Cognitive Analytic Therapy (CAT)

Cognitive Analytic Therapy (CAT) was developed in the early 1980’s as a collaborative method of looking at how we think, feel and act and at the events underlying these experiences. It is fundamentally relational, based on empathy, genuiness and respect, combining ideas and understanding from different therapies, neuroscience, developmental and attachment theory.

It is cognitive because it draws on and enhances our capacity to stand back and look at what we are doing and experiment creatively with revising our choices.

It is analytic because it helps us to understand how past experiences have shaped those choices.

It is person-centred because it focuses on our way of being in the world, learning styles, use of language and values. It helps us bring compassion and understanding to our different states of mind and celebrates our survival strategies and resources.

Exploring our patterns of relating often brings about beneficial change for those around us as well as for ourselves. This means that CAT is also effective for couples and families working together.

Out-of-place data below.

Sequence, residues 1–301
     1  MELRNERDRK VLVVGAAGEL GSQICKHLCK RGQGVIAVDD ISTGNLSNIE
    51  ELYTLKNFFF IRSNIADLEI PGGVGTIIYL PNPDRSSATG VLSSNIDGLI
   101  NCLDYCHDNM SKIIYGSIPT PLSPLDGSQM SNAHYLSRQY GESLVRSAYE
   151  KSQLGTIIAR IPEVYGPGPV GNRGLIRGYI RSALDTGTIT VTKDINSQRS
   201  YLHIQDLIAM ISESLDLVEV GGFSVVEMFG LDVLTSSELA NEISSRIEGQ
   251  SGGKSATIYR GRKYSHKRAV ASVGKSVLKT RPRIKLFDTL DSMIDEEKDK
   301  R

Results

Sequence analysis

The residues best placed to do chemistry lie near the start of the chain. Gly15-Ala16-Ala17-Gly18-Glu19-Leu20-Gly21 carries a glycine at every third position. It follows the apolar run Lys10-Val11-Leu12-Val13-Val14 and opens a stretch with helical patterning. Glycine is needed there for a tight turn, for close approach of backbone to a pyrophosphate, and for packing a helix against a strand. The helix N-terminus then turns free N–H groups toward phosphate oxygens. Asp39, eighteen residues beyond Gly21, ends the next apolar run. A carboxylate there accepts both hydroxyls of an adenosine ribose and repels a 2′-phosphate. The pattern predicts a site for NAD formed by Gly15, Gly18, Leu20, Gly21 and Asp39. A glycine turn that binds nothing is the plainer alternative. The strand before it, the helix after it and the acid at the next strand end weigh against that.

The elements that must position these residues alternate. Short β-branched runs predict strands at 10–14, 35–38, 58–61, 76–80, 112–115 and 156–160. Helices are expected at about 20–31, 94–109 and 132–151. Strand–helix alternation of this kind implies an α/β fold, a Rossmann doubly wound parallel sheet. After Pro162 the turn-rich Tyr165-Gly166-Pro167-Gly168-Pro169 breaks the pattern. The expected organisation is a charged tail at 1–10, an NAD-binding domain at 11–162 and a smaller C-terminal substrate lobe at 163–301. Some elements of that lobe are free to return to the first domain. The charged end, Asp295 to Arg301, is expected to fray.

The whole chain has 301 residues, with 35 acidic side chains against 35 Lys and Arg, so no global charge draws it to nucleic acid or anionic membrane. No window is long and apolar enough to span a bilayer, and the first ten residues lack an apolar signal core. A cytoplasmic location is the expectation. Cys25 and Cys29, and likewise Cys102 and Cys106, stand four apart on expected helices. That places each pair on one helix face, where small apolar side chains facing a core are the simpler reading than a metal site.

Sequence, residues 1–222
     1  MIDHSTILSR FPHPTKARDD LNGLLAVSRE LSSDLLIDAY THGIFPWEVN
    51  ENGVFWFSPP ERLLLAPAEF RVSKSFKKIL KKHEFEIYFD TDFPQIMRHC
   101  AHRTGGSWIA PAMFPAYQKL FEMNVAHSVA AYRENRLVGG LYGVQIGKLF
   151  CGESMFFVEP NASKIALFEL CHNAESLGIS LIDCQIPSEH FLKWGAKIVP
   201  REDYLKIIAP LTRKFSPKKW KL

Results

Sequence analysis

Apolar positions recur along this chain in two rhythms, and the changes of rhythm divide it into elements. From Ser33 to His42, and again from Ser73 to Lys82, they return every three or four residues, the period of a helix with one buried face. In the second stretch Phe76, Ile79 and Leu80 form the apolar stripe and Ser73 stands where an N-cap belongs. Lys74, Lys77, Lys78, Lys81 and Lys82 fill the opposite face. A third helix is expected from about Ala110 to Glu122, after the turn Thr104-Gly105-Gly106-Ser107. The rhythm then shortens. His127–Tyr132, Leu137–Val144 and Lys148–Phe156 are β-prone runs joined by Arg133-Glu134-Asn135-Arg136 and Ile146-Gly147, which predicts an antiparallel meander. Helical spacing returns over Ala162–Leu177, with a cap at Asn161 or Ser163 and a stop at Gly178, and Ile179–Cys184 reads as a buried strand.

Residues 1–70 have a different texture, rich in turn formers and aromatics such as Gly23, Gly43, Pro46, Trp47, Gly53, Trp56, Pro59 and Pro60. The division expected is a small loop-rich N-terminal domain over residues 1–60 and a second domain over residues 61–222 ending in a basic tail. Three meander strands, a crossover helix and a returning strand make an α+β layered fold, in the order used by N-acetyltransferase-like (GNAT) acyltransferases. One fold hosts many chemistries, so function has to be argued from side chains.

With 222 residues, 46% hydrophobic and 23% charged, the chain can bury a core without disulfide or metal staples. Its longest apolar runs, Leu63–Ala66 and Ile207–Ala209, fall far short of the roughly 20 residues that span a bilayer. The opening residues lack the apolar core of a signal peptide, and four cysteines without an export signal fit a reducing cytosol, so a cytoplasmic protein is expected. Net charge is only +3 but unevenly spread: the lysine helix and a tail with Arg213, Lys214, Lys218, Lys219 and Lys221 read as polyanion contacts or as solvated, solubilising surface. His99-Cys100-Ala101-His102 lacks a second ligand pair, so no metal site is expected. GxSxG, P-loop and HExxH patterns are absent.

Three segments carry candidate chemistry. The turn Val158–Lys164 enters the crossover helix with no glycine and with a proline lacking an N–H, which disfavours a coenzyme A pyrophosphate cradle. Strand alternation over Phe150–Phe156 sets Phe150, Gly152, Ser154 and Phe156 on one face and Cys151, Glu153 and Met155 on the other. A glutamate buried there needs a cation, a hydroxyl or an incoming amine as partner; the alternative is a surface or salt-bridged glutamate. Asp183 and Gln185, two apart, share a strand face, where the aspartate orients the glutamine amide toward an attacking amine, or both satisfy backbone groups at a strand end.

CAT provides a therapeutic structure within which a whole variety of tools can be tailored to individual needs and learning styles and to realistic and manageable goals for change. After a few sessions of initial exploration, the client and therapist agree together how long they might work and what the work will focus on. It is a time-limited therapy – often between 8 and 24 weeks, but it can also be used over a longer period.

Catherine Shea

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